If you visited the LA Stormwater blog in recent weeks, you would have likely noticed postings on the Low Impact Development Ordinance (LID). In late 2009, the City of Los Angeles proposed a LID Ordinance, which would dramatically improve water quality in our city by incorporating LID strategies into the City’s already-existing stormwater requirements for development and redevelopment within the City. Several municipalities across the United States have already adopted such policies, including Los Angeles County, the City of Santa Monica, Orange County and San Diego County.

In case you’re wondering, what is LID anyway? In short, LID refers to land planning and engineering practices that mitigate the impact of stormwater pollution on the local environment.  In December 2010 the City Council approved the draft ordinance, which was passed by the Board of Public Works in January of 2010. Once implemented the ordinance will drastically improve the quality of our City’s stormwater. The ordinance is now in the City Attorney’s Office, and from there it will head back to the City Council and Mayor’s office for final approval.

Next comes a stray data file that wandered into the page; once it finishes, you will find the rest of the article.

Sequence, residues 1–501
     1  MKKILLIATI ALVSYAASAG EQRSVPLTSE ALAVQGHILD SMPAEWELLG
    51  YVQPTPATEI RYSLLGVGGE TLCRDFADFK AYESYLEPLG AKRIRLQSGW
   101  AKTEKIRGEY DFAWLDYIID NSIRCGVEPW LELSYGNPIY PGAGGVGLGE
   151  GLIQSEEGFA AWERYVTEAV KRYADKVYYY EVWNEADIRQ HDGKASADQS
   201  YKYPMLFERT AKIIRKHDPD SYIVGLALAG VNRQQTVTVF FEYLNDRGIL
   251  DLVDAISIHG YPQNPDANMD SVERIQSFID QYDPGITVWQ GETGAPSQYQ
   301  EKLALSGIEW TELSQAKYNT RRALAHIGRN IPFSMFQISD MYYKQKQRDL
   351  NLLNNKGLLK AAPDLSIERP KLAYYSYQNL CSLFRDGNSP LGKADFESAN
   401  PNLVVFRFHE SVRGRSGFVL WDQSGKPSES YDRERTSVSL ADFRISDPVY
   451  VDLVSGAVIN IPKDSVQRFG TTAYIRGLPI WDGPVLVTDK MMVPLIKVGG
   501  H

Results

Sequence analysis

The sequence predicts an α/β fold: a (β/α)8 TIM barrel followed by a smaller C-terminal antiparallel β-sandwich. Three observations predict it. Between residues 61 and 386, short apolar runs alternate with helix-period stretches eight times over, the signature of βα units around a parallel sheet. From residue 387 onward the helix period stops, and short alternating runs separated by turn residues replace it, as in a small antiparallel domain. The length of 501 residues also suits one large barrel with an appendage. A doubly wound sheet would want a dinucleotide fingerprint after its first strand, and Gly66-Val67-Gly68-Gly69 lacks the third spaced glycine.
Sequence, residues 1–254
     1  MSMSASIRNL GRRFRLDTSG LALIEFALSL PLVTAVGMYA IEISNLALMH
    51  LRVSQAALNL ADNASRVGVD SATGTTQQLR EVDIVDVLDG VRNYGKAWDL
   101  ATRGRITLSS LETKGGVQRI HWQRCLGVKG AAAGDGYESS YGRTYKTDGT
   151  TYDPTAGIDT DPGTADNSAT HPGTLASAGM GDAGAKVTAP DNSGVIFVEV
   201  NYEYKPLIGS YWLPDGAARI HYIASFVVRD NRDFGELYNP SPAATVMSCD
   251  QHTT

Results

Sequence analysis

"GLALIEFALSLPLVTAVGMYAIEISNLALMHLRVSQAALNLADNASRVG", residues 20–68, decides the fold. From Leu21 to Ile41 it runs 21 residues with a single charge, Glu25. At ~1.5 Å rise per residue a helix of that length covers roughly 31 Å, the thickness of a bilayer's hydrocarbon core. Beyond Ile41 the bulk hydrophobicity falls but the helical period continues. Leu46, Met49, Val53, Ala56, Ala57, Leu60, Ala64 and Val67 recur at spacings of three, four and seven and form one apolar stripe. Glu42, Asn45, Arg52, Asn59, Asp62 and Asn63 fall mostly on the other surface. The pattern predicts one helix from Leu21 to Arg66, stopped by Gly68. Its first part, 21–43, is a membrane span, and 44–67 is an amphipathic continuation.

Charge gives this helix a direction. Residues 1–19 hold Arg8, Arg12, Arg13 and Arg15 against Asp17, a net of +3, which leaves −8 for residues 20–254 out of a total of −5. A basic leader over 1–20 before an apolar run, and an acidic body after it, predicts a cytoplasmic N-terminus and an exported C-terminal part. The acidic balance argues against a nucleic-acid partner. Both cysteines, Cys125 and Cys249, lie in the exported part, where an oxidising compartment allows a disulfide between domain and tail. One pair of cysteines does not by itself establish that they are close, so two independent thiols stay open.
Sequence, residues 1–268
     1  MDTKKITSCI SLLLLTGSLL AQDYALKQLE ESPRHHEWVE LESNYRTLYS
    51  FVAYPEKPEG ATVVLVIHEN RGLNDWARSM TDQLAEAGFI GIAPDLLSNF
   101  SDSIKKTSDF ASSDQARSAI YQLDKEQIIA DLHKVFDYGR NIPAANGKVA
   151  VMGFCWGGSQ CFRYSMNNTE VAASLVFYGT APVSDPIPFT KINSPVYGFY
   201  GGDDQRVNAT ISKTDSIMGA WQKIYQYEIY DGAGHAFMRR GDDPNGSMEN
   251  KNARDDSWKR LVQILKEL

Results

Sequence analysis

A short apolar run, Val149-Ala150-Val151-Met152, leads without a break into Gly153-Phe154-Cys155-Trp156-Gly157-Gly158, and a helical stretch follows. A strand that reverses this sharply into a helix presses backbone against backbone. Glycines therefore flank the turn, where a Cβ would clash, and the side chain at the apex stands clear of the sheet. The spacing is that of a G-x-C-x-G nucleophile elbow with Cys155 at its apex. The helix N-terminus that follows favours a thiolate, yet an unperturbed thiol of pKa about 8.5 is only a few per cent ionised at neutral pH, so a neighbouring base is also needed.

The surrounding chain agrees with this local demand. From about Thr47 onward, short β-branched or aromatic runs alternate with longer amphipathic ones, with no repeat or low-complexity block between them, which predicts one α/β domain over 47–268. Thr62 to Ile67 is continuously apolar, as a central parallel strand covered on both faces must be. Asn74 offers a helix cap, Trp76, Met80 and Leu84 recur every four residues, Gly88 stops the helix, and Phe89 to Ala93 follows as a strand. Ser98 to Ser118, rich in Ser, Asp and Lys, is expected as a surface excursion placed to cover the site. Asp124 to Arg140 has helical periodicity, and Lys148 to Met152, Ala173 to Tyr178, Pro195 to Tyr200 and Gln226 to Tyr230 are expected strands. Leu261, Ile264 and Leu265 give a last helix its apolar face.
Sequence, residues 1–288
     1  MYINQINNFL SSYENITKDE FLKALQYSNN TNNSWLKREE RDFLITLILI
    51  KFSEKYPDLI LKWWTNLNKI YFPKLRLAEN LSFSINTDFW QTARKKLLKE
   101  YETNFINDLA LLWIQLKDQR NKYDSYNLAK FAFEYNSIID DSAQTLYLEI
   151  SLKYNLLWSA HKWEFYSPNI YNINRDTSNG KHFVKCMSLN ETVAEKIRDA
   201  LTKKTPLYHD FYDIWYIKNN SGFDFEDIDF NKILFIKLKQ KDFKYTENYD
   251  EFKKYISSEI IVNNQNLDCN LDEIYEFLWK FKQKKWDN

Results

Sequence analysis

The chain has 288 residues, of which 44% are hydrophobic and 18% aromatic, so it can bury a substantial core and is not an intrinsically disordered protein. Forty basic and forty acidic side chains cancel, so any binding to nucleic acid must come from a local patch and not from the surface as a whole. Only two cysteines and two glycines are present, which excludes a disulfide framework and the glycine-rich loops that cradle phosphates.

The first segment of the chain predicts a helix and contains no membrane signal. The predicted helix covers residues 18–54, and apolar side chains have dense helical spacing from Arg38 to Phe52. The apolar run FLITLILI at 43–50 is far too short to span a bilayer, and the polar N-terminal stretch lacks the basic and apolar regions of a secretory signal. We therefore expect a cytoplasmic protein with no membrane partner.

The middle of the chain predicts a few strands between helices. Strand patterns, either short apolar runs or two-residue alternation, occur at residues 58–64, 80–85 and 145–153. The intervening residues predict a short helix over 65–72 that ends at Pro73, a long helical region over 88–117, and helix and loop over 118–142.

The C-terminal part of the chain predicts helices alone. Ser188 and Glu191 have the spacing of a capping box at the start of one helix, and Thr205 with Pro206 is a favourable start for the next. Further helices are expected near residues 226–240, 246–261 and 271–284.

“Having City Council move the LID Ordinance forward is a great milestone within the City of LA,” said Michael Scaduto, who is an Environmental Engineering Associate with the City’s Stormwater Program. “Incorporating Low Impact Development principals and techniques for managing stormwater into new development and substantial redevelopment within the City of Los Angeles will help improve water quality and assist in achieving the Mayor’s goal of making LA the greenest City in the nation.”  

Since the summer of last year, the City has been hosting meetings with stakeholders to develop a LID Handbook that will assist developers in meeting the ordinance requirements. On January 20, 2011, more than 60 community members and program participants attended our most recent stakeholders meeting. LA Stormwater Program Manager Shahram Kharaghani addressed the attendees and provided an update regarding the LID Handbook.

The first draft of the LID Handbook is planned to be released for public review and comments in March 2011, with a stakeholders’ meeting to follow soon after.

“The LID Ordinance should go down as one of Mayor Villaraigosa’s biggest environmental successes,” wrote Mark Gold of Heal the Bay after the City Council’s vote.  “Along with the Board of Public Works-approved water quality compliance master plan, the LID ordinance offers a blueprint for reducing urban runoff pollution through an integrated watershed management approach.”

To stay updated on the forthcoming LID Ordinance developments, please sign up for our eNewsletter. If you are already signed up, make sure that the “Low Impact Development (LID) Updates” box is checked in your preferences.